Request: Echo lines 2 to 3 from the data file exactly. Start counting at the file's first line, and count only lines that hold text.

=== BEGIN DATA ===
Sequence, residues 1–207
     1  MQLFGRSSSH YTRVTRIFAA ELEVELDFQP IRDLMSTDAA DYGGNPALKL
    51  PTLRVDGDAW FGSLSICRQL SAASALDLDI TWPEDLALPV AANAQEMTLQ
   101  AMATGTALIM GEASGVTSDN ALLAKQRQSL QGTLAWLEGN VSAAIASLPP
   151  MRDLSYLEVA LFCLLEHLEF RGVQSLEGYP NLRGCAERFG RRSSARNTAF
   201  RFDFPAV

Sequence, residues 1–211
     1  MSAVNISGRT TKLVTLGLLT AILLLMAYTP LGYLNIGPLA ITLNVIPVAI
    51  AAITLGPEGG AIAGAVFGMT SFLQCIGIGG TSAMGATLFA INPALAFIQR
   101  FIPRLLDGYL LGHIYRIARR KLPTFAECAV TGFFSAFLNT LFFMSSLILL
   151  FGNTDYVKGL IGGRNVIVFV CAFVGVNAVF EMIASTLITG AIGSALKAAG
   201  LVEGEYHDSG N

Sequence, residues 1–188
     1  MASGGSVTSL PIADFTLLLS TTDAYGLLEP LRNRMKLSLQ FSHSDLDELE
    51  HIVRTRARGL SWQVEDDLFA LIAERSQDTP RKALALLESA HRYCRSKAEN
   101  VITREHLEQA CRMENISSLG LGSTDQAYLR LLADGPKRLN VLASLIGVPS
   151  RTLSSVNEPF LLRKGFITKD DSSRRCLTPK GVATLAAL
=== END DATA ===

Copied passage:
     1  MQLFGRSSSH YTRVTRIFAA ELEVELDFQP IRDLMSTDAA DYGGNPALKL
    51  PTLRVDGDAW FGSLSICRQL SAASALDLDI TWPEDLALPV AANAQEMTLQ